Patients receiving dental care at Remote Area Medical.
Well before dawn, a line of people stretched around the building and into the parking lot of Manatee Technical College.
They’d assembled — some as early as the prior afternoon — with the hope of seeing a dentist or doctor. For some, it would be the first medical visit in more than a decade. For many others, the free treatment offered by Remote Area Medical was nothing short of a miracle.
“You guys are going to save my daughter’s life,” Donna Souza said, while waiting for her daughter, Lisa Ayala, to have an infected tooth treated.
She explained that Ayala had undergone open-heart surgery earlier in the year and developed a tooth infection during recovery. Doctors warned the infection could become lethal if ignored, but Ayala was unable to pay for the necessary care.
Remote Area Medical, or RAM, treated her infection free of charge and offered similar services to nearly 1,000 other adults and children who walked into its volunteer-operated clinic in November 2016. Stories like Ayala’s were common.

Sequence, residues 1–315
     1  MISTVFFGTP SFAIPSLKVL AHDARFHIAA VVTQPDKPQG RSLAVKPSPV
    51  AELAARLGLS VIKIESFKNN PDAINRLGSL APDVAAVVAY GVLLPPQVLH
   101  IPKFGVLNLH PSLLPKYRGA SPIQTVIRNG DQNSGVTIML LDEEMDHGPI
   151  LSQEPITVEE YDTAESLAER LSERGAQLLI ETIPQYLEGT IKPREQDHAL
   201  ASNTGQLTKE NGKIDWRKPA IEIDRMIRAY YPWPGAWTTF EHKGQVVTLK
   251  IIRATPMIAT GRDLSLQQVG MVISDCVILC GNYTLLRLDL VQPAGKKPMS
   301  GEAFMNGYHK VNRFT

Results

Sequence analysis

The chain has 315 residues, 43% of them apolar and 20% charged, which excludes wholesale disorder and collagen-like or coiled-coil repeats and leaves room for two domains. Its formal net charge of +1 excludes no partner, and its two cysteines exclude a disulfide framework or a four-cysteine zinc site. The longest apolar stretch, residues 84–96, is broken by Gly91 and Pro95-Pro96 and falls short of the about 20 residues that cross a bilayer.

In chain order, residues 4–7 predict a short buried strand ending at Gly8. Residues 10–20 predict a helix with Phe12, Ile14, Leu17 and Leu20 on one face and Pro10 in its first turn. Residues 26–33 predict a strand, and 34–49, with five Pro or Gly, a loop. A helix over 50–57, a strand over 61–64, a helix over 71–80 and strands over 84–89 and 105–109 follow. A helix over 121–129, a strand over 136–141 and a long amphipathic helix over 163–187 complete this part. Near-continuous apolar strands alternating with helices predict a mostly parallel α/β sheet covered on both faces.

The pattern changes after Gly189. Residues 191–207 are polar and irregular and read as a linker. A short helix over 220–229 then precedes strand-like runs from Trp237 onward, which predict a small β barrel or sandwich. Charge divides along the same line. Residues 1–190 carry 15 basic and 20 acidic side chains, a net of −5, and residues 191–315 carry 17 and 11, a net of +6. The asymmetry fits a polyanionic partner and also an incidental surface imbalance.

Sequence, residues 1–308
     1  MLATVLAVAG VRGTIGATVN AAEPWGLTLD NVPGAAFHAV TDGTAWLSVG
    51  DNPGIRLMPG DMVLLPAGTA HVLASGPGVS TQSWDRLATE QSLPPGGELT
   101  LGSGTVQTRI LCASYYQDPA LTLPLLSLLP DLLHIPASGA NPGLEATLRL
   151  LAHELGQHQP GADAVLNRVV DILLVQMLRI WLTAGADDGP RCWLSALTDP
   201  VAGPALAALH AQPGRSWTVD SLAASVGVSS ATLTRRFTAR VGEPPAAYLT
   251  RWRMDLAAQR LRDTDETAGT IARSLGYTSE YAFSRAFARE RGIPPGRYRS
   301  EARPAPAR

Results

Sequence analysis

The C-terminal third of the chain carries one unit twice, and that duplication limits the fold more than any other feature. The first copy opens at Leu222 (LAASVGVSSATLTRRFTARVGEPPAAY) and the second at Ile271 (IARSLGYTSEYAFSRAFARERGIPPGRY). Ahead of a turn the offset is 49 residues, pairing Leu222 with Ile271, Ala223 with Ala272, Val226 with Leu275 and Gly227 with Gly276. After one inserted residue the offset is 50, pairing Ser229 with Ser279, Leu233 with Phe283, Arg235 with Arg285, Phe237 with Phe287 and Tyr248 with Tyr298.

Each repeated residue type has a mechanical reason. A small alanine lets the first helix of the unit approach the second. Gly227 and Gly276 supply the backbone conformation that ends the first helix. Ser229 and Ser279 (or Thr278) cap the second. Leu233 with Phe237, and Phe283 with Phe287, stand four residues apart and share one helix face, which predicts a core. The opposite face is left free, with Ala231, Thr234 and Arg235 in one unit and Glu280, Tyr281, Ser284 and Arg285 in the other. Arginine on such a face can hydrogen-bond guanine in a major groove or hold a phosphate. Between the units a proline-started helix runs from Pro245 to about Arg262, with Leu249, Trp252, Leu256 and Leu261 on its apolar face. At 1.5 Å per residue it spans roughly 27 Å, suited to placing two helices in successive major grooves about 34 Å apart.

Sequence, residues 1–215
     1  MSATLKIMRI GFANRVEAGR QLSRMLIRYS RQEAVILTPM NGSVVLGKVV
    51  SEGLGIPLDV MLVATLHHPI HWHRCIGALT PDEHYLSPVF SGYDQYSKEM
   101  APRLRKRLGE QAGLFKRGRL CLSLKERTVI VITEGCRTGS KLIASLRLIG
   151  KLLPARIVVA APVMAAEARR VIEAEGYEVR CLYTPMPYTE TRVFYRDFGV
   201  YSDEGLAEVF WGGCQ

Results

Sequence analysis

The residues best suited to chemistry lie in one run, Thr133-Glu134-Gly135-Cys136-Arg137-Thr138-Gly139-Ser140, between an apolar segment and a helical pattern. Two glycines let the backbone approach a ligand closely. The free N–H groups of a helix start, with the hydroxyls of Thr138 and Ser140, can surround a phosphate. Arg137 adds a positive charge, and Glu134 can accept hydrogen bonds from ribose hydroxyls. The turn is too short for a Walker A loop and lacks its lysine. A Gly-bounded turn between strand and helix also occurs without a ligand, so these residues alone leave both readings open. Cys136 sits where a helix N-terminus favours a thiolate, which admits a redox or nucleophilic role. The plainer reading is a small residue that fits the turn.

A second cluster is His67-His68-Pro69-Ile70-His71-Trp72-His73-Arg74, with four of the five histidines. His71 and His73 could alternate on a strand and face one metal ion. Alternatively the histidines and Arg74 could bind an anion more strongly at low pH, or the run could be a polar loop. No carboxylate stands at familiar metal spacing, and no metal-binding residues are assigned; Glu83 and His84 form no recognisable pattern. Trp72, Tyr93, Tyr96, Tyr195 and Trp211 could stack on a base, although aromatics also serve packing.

The first few people to receive treatment were elderly women who smiled through the pain of the dental work they’d received and tried to mouth “thank you.” Children given their first pairs of glasses grinned ear-to-ear, seeing the world around them clearly for the first time. Even those who had been waiting for over 10 hours were happy, knowing they would eventually have their ailment addressed.
Each year, Remote Area Medical provides free dental, vision and medical services to tens of thousands of the country’s most underserved populations, thanks to the generosity of volunteer medical professionals and donors. RAM officials hope to bring clinics to new areas, including Michigan, but are confined to a handful of states due to strict licensing laws that prohibit medical professionals from donating their services.
The need for quality medical care doesn’t stop at state borders. The ability to help people like Lisa Ayala shouldn’t stop there either.